This will be a watershed year. Not only because it will determine whether Greece will remain in the club of privileged countries that share the common European currency but because the citizens will decide their country?s fate, at a time when all the old political, economic and social structures are collapsing. The elections which are expected to be held sometime in April (barring surprises), will be contested by the shadows of the old parties, but it is clear that the old power relationships, mind-sets and party formations will not survive the challenges of 2012.
We are living through the twilight of illusions that shaped our lives for so many years. The Greeks have realized that they built their castles on treacherous sand. They have been betrayed by politicians who did not take the difficult decisions needed to keep the country on a safe course; they were betrayed by unionists who placed their demands above the capabilities of their companies and the country; they were betrayed by bankers, businessmen and merchants who placed their interests above those of the common good; they were betrayed by fellow citizens who cheated on their taxes or found other ways to exploit the weaknesses of the state machinery. The frauds and cheats were never a majority but their deeds became such a burden on the ship that it listed dangerously and we cannot right it.
Above all, our citizens were betrayed by the sense of security that had been cultivated for decades — that they need not worry, that when the time came, the state would come to the rescue. Even as we discovered repeatedly that this was an illusion — that the state was either incompetent or cruel or indifferent — we maintained the hope that some kind god would protect us. Now we fear everything: that neither our health system, nor our pensions, nor our deposits are safe. The old social contract does not apply. On the issue of pensions alone, we see that those who paid dutifully all their lives are those who are suffering the greatest losses. Everyone expects the worst. We realize that we had left the wolves to guard the sheep — a little because we believed that the wolves were so sated that they would not harm us, a little because we felt that we were a little like wolves ourselves, thinking that even if we did not gain something from the situation ourselves at least we would not be harmed by it. Cocooned in the delusion of plenty, we avoided involvement in public life, we tolerated the dominance of the sly and the incompetent. We neither controlled them nor did we create citizens? movements that would push for improvements to our lives.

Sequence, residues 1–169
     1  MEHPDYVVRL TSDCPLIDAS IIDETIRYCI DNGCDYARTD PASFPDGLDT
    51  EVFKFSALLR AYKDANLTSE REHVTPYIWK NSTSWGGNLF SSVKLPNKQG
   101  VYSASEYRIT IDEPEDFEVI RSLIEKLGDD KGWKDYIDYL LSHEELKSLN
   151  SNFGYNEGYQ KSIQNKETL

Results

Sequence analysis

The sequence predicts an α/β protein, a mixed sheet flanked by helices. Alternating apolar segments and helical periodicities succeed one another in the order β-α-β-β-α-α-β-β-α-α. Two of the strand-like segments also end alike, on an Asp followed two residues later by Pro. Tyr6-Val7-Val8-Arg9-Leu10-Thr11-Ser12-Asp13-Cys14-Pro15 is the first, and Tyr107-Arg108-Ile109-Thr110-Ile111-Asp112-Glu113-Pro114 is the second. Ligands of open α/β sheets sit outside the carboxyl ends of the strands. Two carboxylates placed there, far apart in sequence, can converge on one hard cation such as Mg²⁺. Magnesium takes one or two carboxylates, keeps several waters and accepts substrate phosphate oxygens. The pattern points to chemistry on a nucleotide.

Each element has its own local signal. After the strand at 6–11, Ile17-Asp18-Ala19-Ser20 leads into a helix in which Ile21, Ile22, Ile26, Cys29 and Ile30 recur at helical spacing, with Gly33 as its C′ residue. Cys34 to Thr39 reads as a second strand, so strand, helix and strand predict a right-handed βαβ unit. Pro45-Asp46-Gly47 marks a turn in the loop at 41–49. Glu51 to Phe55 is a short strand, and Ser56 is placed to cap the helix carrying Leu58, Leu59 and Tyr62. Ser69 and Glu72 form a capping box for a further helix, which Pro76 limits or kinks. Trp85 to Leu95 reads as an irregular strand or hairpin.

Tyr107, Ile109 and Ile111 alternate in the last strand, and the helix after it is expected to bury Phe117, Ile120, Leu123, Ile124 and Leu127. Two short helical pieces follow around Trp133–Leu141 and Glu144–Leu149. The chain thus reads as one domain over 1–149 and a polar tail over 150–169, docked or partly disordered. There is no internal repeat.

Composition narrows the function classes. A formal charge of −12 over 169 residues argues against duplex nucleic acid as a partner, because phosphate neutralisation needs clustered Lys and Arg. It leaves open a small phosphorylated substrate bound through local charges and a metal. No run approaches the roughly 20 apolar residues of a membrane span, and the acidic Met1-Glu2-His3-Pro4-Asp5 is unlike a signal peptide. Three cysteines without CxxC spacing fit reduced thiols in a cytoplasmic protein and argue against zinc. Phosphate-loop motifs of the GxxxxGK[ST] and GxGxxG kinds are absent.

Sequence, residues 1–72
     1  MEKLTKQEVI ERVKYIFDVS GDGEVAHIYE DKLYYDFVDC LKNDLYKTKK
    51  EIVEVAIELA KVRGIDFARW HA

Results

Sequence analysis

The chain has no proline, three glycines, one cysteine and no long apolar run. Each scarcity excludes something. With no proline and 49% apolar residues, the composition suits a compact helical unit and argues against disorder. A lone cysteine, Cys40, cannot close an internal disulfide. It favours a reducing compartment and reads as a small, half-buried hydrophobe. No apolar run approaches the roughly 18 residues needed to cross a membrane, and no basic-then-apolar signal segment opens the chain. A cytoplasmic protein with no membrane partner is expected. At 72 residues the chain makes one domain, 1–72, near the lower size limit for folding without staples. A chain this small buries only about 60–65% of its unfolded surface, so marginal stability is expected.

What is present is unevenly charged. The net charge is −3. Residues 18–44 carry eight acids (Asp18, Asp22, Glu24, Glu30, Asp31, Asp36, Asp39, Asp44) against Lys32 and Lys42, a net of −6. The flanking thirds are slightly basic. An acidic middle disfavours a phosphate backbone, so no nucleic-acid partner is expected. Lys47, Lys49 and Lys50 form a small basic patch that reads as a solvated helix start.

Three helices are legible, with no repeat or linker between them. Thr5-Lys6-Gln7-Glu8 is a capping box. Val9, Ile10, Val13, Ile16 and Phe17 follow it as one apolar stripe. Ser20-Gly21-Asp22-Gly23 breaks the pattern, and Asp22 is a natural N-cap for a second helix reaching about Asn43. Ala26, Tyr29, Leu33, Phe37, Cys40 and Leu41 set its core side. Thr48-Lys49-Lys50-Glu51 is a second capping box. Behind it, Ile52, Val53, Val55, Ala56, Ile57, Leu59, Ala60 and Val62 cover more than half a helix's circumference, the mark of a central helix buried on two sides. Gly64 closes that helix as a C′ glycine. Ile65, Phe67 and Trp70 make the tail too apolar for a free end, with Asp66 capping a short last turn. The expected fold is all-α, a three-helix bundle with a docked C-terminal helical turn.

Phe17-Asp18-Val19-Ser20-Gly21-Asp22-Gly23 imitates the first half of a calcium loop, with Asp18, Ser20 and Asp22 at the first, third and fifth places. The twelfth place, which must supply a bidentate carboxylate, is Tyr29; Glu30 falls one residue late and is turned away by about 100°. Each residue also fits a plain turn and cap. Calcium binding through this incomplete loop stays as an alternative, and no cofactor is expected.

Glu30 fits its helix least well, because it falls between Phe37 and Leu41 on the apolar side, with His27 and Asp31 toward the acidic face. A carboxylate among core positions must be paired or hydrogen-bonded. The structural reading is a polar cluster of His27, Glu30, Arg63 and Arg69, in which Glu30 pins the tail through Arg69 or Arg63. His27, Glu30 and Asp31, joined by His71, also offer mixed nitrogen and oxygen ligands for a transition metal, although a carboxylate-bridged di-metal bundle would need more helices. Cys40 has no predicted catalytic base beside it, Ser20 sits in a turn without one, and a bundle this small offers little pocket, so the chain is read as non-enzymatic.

Now, with the realization of our deprivation and our insecurity, and with the rise of various ?indignant? movements, we understand that only citizens have the power and the responsibility to work for a better future. Our society has suffered serious injury: Not only those who are on the margins but also those at its core are being pushed toward poverty. Unemployment is rising, neighborhoods are decaying, people suddenly find themselves outside the health and pension systems, because the state did not manage to organize itself in a way that would cover the most needs with the least funds. Now, citizens? movements, municipalities, the Church and private companies have begun to complement the incapable state. With the support of ?old? and new news media and social networks, society is reacting to the deprivation through the search for new social bonds between those in need and those who can help.
Volunteer work and new bonds of solidarity will help us survive the crisis, but they can only assist and not replace political and state power. We need responsible political representatives, inspired and daring national strategies in all sectors and the reformation of the public administration. Through life?s difficulties we discover our weaknesses — but also the strength with which we can win. This power comes from the serious analysis of problems, an understanding of the potential outcomes of various choices, knowledge of our resources, and genuine cooperation. However dark the night, however frightened or desperate we feel, we have already taken the first steps toward tomorrow.